The sea alluded to here is a stormy one that’s dark, turbulent, not easily navigable but easy to get lost in. In such a sea, one would be at pains to see anything clearly. 


By using the sea metaphor to reinforce the severity of suffering that Regan and Co. have imposed on their father (‘you’ve conjured up a storm so great that sea waves would have risen up to extinguish the stars’ fires’), Gloucester conjures up the image of one being lost at sea, of floating without either a sense of direction or clarity of sight to re-orientate oneself onto the right path. 

This sense of loss applies aptly to Lear’s situation, but also anticipates Act 3 Scene 7, when a blind Gloucester is portrayed at the spiritual nadir of his life, only to be ‘saved’ by the ‘leap of faith’ that his disowned son encourages him to take. 

What’s most ironic about this scene, however, is the fact that Gloucester immediately finds out about his misjudgement of Edgar and misplacement of trust in Edmund only after he loses his sight – 


All dark and comfortless. Where’s my son Edmund?
Edmund, enkindle all the sparks of nature,
To quit this horrid act.


Out, treacherous villain!
Thou call’st on him that hates thee: it was he
That made the overture of thy treasons to us;
Who is too good to pity thee.


O my follies! Then Edgar was abused.
Kind gods, forgive me that, and prosper him! 

One thing’s for sure: Gloucester is no sceptic. He’s so very quick to change his mind, and bizarrely trustful of whatever he’s told on the spot.

Just as he had believed in Edmund’s accusation of Edgar without batting so much as an eyelid in Act 1 Scene 2, he is similarly quick to revise his opinion of Edgar upon hearing Regan’s remarks about Edmund’s betrayal (“O my follies! Then Edgar was abused.”).  

This suggests that Gloucester is as deeply distrustful about his own ability to judge as he is rashly trustful towards the words of others.

Notwithstanding his noble ranking as an earl, Gloucester is plagued with insecurity and a lack of self-conviction. 

His confirmation bias, then, is rooted in a lack of belief in his own judgement. Meanwhile, his foolhardy readiness to believe in others makes him a victim to poisonous untruths.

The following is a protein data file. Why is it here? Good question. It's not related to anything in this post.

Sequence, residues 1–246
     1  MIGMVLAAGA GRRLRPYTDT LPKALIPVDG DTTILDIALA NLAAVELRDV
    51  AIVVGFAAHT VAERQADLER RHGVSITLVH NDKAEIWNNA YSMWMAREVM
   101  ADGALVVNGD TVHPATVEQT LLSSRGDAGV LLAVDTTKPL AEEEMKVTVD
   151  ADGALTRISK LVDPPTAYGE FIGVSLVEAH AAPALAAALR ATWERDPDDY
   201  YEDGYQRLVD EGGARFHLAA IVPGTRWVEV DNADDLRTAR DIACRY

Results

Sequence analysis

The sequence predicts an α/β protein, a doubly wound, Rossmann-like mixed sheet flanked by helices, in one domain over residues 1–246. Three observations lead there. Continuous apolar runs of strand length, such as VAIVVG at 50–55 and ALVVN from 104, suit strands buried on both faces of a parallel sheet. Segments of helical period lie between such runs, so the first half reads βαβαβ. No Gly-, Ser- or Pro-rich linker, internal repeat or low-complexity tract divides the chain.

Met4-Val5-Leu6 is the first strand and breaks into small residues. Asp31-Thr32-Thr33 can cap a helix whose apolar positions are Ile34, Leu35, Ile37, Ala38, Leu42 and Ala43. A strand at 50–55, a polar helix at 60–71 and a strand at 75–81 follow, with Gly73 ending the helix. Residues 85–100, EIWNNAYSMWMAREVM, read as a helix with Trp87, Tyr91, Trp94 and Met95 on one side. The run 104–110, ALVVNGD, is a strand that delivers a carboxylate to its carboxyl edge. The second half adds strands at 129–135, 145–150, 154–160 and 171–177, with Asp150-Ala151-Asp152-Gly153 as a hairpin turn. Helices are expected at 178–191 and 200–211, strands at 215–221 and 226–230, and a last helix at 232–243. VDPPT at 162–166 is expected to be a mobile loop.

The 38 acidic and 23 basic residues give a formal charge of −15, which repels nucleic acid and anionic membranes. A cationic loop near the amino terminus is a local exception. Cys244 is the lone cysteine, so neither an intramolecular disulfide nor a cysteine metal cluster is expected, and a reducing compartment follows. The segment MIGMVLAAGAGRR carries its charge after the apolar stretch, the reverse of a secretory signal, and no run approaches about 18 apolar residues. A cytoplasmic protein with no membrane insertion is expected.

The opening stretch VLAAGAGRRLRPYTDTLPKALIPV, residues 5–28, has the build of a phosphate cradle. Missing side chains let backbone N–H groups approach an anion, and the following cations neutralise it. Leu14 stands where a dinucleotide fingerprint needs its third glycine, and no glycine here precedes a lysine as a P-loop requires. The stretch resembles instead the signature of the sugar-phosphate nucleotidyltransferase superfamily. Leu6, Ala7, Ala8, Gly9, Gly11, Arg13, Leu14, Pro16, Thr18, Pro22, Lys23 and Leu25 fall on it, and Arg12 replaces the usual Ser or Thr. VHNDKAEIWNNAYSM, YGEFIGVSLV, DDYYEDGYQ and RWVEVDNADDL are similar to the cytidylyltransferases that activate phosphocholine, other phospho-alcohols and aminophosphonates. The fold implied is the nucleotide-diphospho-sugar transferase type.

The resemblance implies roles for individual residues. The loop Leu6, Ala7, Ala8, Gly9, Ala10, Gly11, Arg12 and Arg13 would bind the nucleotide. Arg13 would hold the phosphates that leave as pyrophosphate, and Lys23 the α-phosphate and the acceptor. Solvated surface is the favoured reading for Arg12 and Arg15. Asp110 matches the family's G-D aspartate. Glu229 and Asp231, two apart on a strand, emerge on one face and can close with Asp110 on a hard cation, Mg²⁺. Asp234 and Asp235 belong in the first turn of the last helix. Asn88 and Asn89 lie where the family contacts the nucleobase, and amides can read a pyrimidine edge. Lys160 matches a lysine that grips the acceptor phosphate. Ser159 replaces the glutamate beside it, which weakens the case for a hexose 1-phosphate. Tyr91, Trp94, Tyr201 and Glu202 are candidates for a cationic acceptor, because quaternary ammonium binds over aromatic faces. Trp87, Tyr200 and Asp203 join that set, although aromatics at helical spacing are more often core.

Act 4 Scene 6 – With no eyes comes the ability to see – “I see it feelingly” 

I see it feelingly king lear Gloucester

In the famous ‘Fields near Dover’ scene, a disguised Edgar pushes the limits of his blind father’s imagination by having him ‘fake’ a suicide fall. By instigating a prank miracle, Edgar demonstrates the ultimate filial gesture, one that results in redemption for an old man with a broken soul.

Unable to see anything, Gloucester is forced to rely not only on his other sensory faculties, but most importantly, on what he’s always lacked – his faith in himself. 

Edgar, disguised in this scene as a peasant, guides his father on this spiritual journey by first telling him that he’s walking towards the edge of a real promontory –  


Come on, sir; here’s the place: stand still. How fearful
And dizzy ‘tis, to cast one’s eyes so low!
The crows and choughs that wing the midway air
Show scarce so gross as beetles: half way down
Hangs one that gathers samphire, dreadful trade!
Methinks he seems no bigger than his head:
The fishermen, that walk upon the beach,
Appear like mice; and yond tall anchoring bark,
Diminished to her cock; her cock, a buoy
Almost too small for sight: the murmuring surge,
That on the unnumbered idle peddles chafes,
Cannot be heard so high. I’ll look no more;
Lest my brain turn, and the deficient sight
Topple down headlong. 

This is a vivid tableau for what, in reality, is blankness.



But Edgar’s imagination enables him to imbue the environment with depth and perspective, from which he can fake the fear and anxiety that comes with “the deficient sight” of looking from “so high”. 

We see the details of one man seeming like “no bigger than his head” from the ‘height’ of where they stand, of fishermen “appear[ing] like mice”, and of the incremental zooming-out from a “tall anchoring bark/Diminished to her cock; her cock, a buoy/Almost too small for sight”.

Note, by the way, how the anadiplosis of “her cock; her cock” reinforces the fluidity of Edgar’s imagined perspective. These are observations which don’t just communicate the terror that comes with altitude, but also the insight that results from re-orienting one’s perspective. 

Edgar and Gloucester at Dover Cliff (PC: Oliver Cuthberston)

From Edgar’s speech, we realise that the business of seeing isn’t a straightforward affair – depending on where one stands, one’s vantage could be radically different.

In that sense, literal blindness isn’t that much different from perfect eyesight, because the latter doesn’t entail clear inner vision or ‘truth’ (and indeed, blindness seems to be the better way to achieve this, as in Gloucester’s case).